Since I have to use a driver or small FET array I might as well use the power I then get. I agree that switching time vs frequency must be thouroughly thought through.

My reason for the high switching frequency: I really want to be able to drive a CD-ROM motor up to 10k rpm and I want the filtering to do as little damage as possible to the actual EMF signal. The large the difference between the max commutation rate and the PWM signal, the better it is.

The MGM uses 10 kHz and has a max commutation frequency of 15000 commutations pr second. (150,000 rpm max at 2 pole = 900,000 comms pr min / 60 = 15000 comm/s) Something I don't get to add up unless it only is able to reach this rate under 100% duty.

I do however know it does not like to run 12-pole CD-ROM motors abowe 22,000 rpm wich is pretty close to it's theoretical max of 25k rpm for this type of motor.
Jan 27, 2004, 09:15 PM
The blade numbers go up to 11
stumax's Avatar
Kreature, I don't understand how 3 diodes can let you use 1 PWM signal to drive a 3 ph. H-bridge - can you draw a sketch?. My point about reading the undriven phase during the pwm off time is that there isn't any pwm noise there (you'll need to increase mag. on you scope window to see this), you don't need to filter it so you don't get a phase shift in the signal you're measuring (which means the detection is accurate regardless of rpm). You can use this signal thru a comparator and put the comparator output thru some logic (XOR the comparator output with the PWM signal) to eliminate false detection. I put the signal thru a flash A/D (Analog Devices AD7825 - 4 channel 2MS/s) and let the micro do the work. If using 100% duty cycle there's no choice other than reading the voltage during the PWM on time, however at 100% the motor is usually generating a very high back emf so the signal is good.

PWM switching frequency should be chosen according to the motor's inductance - that is what determines how fast the current can change, no point switching any faster than that. You'll find that for max efficiency you need to change the PWM freq according to rpm if you want those last couple of %'s efficiency.

I use a 3ph bridge driver from International Rectifier (IR2130) to drive the upper and lower FETS. If you choose high enough voltage FETS you can go up to as many cells as you like 'cause these FET drivers can handle a Vgs up to 600V. I also use opto's between the micro and the bridge driver to save on blowing up micros all the time! I've found that at 15kHz PWM freq a 10ohm resistor in series with the gate will help stop ringing (and associated EMR) yet still give fast gate rise times, and use a diode in parallel with the resistor to allow the gate to fall quickly, and a zener on the gate (Vgs + 12v or so) to protect the FET from spikes.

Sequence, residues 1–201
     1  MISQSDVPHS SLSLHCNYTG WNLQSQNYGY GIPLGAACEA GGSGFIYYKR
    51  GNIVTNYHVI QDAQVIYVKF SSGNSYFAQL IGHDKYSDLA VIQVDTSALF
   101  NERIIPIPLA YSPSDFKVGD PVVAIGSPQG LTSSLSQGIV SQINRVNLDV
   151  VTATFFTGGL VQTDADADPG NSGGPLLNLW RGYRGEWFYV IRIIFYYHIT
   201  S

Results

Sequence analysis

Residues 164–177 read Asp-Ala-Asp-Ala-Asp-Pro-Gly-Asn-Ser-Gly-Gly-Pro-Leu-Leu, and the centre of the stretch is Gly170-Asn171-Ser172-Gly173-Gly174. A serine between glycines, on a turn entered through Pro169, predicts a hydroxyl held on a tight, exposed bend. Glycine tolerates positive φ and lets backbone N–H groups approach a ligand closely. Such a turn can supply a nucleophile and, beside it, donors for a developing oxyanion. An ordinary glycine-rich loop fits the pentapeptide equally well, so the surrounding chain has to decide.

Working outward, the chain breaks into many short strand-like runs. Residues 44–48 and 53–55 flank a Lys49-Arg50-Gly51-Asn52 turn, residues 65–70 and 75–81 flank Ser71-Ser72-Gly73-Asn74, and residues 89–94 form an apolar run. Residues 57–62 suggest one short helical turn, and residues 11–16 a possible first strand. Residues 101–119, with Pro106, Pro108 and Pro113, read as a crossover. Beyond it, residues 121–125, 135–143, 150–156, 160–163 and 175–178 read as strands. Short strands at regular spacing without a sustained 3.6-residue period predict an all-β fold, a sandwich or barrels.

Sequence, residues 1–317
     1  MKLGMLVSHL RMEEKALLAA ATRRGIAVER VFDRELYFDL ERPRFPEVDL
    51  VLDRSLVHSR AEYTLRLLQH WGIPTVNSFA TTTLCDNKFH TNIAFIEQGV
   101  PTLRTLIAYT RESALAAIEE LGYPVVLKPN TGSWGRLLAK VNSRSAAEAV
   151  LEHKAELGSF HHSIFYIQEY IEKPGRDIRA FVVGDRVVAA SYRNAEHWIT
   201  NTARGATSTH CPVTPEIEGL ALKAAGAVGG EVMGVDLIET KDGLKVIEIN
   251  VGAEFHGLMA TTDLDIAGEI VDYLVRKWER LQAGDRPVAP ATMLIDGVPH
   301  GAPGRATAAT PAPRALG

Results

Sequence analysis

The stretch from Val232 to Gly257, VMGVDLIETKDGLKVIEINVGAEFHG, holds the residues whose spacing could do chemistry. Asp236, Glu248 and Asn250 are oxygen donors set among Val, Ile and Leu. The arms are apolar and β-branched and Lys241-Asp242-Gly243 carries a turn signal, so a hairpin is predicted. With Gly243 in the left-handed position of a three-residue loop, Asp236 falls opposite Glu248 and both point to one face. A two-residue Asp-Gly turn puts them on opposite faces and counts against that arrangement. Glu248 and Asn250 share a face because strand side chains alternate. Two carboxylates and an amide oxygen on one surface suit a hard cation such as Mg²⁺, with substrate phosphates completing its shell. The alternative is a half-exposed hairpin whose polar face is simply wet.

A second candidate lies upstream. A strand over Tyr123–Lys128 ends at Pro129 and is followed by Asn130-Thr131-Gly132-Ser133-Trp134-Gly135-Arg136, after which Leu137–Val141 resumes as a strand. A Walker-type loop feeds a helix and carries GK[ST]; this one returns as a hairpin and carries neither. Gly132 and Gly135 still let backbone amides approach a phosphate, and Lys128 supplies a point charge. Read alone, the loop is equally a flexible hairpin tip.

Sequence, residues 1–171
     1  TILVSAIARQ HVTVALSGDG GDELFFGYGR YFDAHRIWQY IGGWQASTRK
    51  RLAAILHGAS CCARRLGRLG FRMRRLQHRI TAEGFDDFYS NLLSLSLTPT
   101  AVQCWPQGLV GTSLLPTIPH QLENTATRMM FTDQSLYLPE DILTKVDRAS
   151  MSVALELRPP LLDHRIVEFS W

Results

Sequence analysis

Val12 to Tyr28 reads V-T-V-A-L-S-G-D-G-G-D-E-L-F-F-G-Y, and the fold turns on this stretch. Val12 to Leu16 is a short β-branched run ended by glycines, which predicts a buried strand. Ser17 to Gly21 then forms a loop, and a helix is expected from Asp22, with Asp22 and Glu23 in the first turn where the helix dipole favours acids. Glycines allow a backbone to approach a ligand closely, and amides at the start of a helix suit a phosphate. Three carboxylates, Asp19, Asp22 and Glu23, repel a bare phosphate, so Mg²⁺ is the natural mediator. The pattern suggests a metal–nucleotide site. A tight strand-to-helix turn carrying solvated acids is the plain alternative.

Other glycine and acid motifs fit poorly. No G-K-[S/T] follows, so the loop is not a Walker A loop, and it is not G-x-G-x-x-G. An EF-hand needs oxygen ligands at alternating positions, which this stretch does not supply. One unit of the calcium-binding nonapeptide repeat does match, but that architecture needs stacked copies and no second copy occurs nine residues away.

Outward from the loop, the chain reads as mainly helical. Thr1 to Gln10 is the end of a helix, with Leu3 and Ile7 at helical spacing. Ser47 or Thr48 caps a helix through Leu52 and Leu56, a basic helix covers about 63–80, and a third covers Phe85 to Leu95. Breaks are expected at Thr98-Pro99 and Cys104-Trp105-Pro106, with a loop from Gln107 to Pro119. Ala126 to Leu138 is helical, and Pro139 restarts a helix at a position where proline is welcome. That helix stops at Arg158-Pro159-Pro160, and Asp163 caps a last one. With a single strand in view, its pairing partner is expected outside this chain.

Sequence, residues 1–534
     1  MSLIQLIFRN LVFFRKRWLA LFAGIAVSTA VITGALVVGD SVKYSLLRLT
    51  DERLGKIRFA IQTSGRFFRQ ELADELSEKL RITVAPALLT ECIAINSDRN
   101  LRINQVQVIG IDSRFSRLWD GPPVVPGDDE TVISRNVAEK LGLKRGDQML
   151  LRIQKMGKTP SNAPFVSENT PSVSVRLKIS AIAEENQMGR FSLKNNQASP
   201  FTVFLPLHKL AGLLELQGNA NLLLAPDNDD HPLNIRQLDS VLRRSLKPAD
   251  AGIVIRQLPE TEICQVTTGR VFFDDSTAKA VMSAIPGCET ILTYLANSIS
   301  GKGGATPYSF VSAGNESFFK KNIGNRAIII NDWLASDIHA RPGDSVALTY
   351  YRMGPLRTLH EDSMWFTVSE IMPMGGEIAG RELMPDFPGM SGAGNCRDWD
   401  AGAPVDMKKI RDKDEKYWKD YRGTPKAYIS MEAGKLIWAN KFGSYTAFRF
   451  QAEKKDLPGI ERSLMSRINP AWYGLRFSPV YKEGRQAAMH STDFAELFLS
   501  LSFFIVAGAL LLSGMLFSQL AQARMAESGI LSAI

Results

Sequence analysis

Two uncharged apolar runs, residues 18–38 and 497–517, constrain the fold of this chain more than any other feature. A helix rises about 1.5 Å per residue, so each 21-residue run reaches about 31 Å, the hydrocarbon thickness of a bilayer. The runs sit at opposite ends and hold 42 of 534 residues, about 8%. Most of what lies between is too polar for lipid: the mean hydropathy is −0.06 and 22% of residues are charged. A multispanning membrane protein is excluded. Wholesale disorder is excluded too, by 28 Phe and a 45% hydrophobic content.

Hope this helps!

Stu Maxwell
Jan 28, 2004, 12:41 AM
Registered User
Mr DIY's Avatar
I see we are getting technical here …I like it.

Firstly, there is a simple easy way to get your feedback. No waiting for off time, no synchronization with PWM ect. What I did was use the LM324 amp made up like on mr mmomoto original circuit. The 3 outputs are fed directly into my logic chip and combined to produce a single stream output. The combining process notes the current drive sequence and applies the required logic to select witch output must be fed to the micro. What I get out is a perfect square wave at 50% duty cycle ( at Zero timing), without any interference from the PWM logic. To be honest, I did not expect it to work as well as it does. As I said before, there is no off time that must be allowed for in software. The logic device is programmed from the micro what the 10-bit PWM word is and then forgotten. Until such time as a change in speed is required, it will continue to use the programmed PWM rate. All I then basically do, it monitor my feedback with the Mega8 and send the new commutation code at the right time. Of course, when a new commutation word is sent, the PWM automatically resets for next FET pair driven.